The FA should look closely at Harry Redknapp's tactics as they prepare to appoint the next England manager.
Poor defending from both sides made for an entertaining North London derby, and Arsenal showed some good fight to come back from a bad position.
But maybe Spurs boss Redknapp has shown with his recent decisions that he is tactically not ready for the England job.
He's the popular choice, but that doesn't mean he's the right choice — and the last couple of games should be a cause for concern at the FA.
For some unknown reason against Arsenal he decided to change the way Tottenham have played all season, and went for two up front away at the Emirates.
Most of Spurs' success has come with Rafael van der Vaart playing just behind the striker - why change a winning formula?
Spurs weren't playing especially well but they got themselves into a 2-0 lead, and at that point you should make sure you don't lose it.
But Redknapp changed everything drastically again at half-time, and I couldn't understand the introduction of Sandro, who was all over the place.
Spurs have still got question marks against them when they play the teams that matter in this division so far this season — they have to go to Stamford Bridge soon too, and things could get nervous.
And big tactical changes don't help. Look at the FA Cup game when Spurs played Stevenage — Harry had three at the back.
There was no need to do that, and whatever Redknapp might have had to say about the pitch, Stevenage were playing on the same grass!
If he kept his side as they were and attacked the League One side, surely they'd have won that game? Would Manchester City have changed the formation like that? Would United? Would Arsenal?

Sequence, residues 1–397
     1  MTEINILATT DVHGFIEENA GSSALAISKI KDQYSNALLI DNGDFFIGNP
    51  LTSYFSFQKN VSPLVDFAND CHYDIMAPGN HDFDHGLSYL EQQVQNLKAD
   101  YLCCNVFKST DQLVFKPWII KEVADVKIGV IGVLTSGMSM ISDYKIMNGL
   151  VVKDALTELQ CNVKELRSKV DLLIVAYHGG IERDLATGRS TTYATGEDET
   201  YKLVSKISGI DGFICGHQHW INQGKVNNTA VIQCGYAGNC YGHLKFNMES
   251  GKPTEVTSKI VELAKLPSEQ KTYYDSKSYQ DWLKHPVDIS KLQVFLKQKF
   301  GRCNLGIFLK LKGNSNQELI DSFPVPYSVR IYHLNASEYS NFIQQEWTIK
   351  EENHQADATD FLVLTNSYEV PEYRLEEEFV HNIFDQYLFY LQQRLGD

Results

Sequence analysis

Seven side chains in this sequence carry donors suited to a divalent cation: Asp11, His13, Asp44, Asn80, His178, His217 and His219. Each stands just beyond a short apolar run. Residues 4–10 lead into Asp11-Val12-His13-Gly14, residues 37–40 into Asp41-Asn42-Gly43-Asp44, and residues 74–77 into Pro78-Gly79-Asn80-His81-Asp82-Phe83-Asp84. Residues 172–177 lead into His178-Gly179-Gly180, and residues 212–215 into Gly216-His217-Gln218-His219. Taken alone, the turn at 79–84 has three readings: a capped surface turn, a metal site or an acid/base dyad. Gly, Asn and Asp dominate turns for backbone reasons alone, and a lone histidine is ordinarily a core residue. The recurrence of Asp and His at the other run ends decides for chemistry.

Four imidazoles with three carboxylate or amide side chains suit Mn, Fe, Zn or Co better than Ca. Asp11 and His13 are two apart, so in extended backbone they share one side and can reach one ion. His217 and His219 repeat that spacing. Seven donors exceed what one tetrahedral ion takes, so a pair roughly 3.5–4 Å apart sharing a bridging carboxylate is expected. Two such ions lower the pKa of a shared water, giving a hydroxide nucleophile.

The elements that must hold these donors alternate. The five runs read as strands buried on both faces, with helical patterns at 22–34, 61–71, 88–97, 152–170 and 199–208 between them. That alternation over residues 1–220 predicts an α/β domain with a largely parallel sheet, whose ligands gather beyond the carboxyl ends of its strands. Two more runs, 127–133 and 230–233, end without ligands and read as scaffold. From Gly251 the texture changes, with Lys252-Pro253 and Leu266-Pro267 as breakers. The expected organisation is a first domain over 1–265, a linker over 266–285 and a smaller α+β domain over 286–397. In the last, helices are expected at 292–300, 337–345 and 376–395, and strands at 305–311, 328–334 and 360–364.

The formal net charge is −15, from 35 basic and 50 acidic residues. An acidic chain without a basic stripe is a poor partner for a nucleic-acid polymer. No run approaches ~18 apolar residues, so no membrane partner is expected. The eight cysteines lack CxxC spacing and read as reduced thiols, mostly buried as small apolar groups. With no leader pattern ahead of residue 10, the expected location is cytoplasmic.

There are a lot of Tottenham fans in Stevenage of course, and it was a huge game for them. Harry got that game badly wrong.
Redknapp might be the media's flavour of the month now, but once he's in charge of the national side the press will be watching and judging his every tactical move with more scrutiny.
Those friends in the media will disappear pretty fast if he picks three centre-backs for England.
In fact, you'll probably find people calling for a tactician to come into the job — probably another continental expert!
Meanwhile Tottenham need to be careful, despite their excellent season so far. They're only seven points clear of the battle for fourth place and if they lose to Manchester United next weekend, that could become four. Will they then start looking down the table nervously? Who are the players in that side who are used to those heady heights?
They should still qualify for the Champions League, and that will be a terrific achievement for Spurs. But Harry's focus needs to be on the Premier League and his club job, and if I were him, I'd stay there. For all these tactical question marks he's done great things at Spurs, and the job is not finished.